MSPs: Membership has its Privileges

If you're running for president, you work hard to get major organizations and unions to back your platform. The same strategy is unfolding in the managed services market, where software providers increasingly are working with peer groups and associations to gain a critical mass of interest. The efforts involve everyone from the ASCII Group to HTG Peer Groups to the SMB Technology Network. I believe two things are driving these new relationships...

First, let's start with some basic examples of organizations working with vendors. They include:

So Happy Together

Two things are driving these relationships:

1. Differentiation: As the world shifts from products to online services, it's increasingly difficult for associations and organizations to differentiate themselves from one another. VARs and MSPs are looking for value when they open their wallet to join an association. Also, VARs and MSPs want turnkey -- often pre-built -- software packages that are easy to implement within their businesses. Many of these organization-vendor relationships offer such configurations.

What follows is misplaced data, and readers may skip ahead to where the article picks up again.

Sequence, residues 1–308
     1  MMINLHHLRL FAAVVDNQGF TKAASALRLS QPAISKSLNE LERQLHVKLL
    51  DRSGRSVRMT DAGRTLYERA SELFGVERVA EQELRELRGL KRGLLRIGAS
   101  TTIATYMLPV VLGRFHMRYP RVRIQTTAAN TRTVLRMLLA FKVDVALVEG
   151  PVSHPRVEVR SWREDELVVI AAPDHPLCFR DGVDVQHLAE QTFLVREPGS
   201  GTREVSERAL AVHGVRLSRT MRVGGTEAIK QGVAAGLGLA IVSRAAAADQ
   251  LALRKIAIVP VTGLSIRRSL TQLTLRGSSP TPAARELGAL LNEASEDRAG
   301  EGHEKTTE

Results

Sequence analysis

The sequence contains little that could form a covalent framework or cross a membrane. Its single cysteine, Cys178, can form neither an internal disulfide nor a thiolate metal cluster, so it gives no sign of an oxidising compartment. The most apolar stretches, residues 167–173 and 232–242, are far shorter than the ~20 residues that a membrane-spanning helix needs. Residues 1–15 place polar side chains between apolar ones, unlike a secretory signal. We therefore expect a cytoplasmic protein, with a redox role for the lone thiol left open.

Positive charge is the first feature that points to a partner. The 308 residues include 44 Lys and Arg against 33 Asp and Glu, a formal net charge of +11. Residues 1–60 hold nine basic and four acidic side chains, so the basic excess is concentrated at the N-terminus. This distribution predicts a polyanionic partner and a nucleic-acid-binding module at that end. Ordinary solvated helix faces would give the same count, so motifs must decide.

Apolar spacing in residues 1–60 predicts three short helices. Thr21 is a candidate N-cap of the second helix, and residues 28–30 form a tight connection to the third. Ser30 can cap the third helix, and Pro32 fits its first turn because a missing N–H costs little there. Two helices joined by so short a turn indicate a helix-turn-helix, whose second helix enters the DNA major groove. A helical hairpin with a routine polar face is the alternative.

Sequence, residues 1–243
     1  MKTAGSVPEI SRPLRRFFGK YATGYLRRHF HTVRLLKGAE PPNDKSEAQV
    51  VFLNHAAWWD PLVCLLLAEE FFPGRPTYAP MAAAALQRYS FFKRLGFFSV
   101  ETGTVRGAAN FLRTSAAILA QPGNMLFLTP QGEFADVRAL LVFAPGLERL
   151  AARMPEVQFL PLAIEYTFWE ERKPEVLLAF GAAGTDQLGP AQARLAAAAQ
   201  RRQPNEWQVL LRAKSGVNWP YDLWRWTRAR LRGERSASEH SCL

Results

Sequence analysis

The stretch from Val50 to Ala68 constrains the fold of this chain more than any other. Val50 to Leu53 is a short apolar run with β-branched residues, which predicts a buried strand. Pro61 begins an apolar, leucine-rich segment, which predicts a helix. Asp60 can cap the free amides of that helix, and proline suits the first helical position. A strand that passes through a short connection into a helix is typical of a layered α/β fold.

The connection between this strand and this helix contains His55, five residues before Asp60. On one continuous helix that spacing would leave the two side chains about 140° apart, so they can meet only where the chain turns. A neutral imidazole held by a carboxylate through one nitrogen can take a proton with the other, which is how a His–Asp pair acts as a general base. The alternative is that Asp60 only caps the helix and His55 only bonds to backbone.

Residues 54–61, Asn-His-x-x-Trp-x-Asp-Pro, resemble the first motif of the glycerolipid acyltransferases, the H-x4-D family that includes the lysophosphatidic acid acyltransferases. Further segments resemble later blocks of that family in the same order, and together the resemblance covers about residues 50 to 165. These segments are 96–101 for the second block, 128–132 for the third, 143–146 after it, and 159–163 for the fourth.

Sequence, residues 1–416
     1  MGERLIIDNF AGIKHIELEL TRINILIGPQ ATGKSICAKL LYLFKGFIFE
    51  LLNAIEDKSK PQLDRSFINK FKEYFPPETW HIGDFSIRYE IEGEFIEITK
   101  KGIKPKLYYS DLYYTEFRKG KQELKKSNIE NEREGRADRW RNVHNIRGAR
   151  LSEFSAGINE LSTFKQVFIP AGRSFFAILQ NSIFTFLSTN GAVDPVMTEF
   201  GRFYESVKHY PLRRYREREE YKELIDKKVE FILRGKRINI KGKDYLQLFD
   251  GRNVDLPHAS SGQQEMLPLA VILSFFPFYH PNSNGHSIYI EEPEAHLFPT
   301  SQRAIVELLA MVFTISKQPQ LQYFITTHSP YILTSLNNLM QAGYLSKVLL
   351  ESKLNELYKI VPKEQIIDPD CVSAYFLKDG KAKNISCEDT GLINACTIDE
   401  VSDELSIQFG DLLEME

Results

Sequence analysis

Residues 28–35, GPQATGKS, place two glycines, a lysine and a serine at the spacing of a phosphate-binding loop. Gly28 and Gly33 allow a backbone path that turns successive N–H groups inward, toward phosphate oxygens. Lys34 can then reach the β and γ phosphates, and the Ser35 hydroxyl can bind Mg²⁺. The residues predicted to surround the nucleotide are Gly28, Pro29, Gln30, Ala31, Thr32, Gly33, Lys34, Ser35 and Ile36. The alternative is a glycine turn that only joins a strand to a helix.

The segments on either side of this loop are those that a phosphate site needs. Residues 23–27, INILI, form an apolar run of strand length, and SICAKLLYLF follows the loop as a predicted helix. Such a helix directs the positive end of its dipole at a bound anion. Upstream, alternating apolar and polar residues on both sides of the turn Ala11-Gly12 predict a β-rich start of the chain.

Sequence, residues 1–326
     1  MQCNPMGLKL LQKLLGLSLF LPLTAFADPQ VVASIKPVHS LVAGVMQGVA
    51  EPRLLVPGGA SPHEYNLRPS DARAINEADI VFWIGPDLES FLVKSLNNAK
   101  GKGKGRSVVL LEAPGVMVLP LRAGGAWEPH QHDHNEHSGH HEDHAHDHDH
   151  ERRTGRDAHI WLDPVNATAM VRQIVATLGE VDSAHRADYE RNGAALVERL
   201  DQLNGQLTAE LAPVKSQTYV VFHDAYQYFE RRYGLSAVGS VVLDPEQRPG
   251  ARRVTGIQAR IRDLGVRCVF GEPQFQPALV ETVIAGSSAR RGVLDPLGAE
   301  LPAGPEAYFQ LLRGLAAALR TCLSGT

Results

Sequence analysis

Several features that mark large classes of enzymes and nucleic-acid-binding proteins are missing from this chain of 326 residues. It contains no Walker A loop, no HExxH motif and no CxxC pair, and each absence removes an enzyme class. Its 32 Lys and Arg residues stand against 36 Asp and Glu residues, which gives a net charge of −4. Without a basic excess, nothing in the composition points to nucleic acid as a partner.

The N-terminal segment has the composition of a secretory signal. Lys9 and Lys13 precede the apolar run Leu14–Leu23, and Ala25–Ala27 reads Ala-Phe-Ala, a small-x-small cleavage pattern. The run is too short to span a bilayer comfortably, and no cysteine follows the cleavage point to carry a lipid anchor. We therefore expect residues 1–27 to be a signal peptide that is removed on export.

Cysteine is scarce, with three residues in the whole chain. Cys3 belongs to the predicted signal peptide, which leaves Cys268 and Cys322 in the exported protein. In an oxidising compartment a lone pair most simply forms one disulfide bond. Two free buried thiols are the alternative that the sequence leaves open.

2. Economies of Scale: It can be expensive for software providers to market their wares to individual MSPs and VARs. By marketing a solution through an association, organization or peer group, the software provider suddenly reaches a highly targeted audience. The software company's ultimate goal is to convince the organization to standardize on its wares.

Pros and Cons

From product discounts to specialized configurations, there's plenty of potential upside here for VARs and MSPs. Plus, peer groups or organizations that standardize on a specific product can often share information more easily with one another.

But be sure to ask plenty of questions as these deals/relationships are promoted to you. In some cases, the organization-vendor relationship involves nothing more than a handshake and some publicity, rather than a true value-add for VARs, MSPs and other organization members.

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